• Stephanie, if you will look at the bottom of the email you will see that he gives me credit for the article. I wrote it and I appreciate him for seeing it and reposting it in his Kneemail.
      God bless.
      Neal

  2. Betty Nelson says:

    Politics make every thing that God teaches us to be too harsh. Most think that any laws or rules of morality should be gone, but complete anarchy and total disregard for any laws will lead to a country of fighting on the streets with no control….I am praying we go to Under God We Rule..

  3. Pingback: The Faughn Family of Four » Blog Archive » Friday Links Roundup: LONG Day Edition

  4. ivan says:

    I’m an elligal immigrant here in the u.s. I was brought here to this beautiful country when I was 6 and started attending a Christian penecostol church when I was 8 at the age of 13 I started my relationship with Jesus christ. Today I am 20 years old I have seen the hand of God move so powerfully in me and in the lives of others I serve God as much as possible, but its not always easy. As an immigrant here I sometimes lose hope I have self pity but I now with all my heart that God is watching over me. I wish that I could become a citizen someday but all in gods timing. I can’t go to school because I can’t get a job to pay for it my hope is to become an sheet metal framer for airplanes but I can’t. What can I do when my heart and calling is here in the u.s. I know that if it wasn’t for God I would have never made it here and gotten saved I believe that God seek me out just to save me. So I guess my question is am I really not following the law when God first put me here.

  5. Elizabeth says:

    Ivan, I love your story because it is very similar to mine. My parents brought me here when I was young although unlike you I have been able to go to college by the grace of God. I earned a Premed degree in a Bible institution where i also surrendered my life to Christ. I sometimes have the conviction to leave because some Americans sometimes make me feel that i dont belong, but even if i left, I have no idea where i would go. My family is all here and they have earned legal status, I have no one back home. There are no jobs there, I would be homeless. I disagree with this article because sometimes the term “illegal” is loosely used. I have never broken the law and Im sure hasnt either. Looking back i really wish my parents never brought me here, it is not the comforts of America that keep me here, it is the fact that it is the only home I have ever known. I have often found comfort in my church family, but when i read articles like this one i feel discouraged by the lack of compassion. I know justice is to be served, but where is the grace and mercy that should go along with it especially in the church. I would like someone to tell Ivan and I what we should do, where we should go…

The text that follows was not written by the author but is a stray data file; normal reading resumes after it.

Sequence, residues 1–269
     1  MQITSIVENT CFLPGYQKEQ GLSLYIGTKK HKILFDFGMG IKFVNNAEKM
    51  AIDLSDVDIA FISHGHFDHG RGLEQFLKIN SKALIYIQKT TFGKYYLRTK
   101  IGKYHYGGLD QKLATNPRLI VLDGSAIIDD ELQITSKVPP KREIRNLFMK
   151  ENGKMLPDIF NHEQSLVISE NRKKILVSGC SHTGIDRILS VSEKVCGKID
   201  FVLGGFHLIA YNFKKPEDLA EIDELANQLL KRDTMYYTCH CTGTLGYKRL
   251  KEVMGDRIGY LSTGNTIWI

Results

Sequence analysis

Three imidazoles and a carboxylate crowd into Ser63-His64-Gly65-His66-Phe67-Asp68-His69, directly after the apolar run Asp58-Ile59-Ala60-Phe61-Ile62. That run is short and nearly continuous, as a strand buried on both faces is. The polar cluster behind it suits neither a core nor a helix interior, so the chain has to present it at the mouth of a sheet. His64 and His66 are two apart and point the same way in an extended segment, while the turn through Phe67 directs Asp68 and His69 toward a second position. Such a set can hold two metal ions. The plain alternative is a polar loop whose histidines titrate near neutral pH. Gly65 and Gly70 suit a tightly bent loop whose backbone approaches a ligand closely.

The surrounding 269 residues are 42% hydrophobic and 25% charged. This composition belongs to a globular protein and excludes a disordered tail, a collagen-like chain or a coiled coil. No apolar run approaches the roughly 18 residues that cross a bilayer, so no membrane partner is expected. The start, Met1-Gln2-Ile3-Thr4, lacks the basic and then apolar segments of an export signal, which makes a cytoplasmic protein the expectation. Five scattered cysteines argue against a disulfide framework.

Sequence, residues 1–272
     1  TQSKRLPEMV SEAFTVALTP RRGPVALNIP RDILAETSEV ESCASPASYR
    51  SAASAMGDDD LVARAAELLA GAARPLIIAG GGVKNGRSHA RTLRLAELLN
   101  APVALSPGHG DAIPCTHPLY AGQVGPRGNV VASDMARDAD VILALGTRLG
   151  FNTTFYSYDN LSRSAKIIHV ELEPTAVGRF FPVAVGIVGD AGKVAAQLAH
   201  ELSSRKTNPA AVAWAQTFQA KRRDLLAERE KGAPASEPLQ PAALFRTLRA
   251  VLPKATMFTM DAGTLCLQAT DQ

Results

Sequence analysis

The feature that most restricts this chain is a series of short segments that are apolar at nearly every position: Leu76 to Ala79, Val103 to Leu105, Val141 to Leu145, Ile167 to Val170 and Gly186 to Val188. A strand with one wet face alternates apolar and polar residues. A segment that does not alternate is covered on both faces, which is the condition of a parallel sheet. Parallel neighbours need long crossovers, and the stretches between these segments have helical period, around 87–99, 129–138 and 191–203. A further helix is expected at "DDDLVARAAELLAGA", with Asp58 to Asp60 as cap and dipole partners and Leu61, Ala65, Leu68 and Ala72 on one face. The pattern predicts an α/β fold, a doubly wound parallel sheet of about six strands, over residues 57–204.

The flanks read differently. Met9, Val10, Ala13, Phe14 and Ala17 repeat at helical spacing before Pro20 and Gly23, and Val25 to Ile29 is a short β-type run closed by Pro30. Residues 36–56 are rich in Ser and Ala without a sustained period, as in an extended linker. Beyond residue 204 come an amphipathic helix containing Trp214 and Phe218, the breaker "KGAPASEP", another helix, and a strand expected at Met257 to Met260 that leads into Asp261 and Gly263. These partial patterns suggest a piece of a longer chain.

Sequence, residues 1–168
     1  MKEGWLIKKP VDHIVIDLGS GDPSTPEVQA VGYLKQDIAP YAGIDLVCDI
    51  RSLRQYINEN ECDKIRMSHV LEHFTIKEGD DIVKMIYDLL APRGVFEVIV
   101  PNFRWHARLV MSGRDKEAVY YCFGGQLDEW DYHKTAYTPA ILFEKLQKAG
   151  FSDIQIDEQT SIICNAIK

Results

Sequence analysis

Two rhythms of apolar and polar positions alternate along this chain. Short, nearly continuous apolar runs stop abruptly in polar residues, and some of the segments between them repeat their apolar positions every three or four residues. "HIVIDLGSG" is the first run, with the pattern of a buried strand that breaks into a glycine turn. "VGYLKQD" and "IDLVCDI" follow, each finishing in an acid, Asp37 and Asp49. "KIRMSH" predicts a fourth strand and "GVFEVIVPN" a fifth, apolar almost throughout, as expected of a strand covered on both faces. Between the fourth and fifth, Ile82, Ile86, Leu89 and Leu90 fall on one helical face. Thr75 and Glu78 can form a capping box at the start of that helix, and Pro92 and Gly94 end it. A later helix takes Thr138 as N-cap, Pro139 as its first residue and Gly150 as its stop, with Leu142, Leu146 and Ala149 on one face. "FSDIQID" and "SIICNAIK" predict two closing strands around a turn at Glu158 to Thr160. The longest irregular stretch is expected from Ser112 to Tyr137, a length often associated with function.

6. For Ivan and Elizabeth,
    I suppose I would want to know if you take umbrage with the main points made in the article. I’m aware that people have come here illegally and have been good, productive members of society. Compassion is important, and I’ve tried to practice it (including with those I’m certain were in this country without its knowledge). Would we say that lying is acceptable, that a country will thrive where people disobey the nation’s laws (which ones can we obey and which can we disregard?), or that it is OK not to submit to the government when it harmonizes with scripture? That was the point of the article. I am truly sorry if I offended you.

  7. Elizabeth says:

    Oh no, I’m not offended, i guess things look different in writing. The question at the end of my comment is real, not sarcastic. I’ve really struggled with this because i want to do the right thing, and I’ve been wondering…..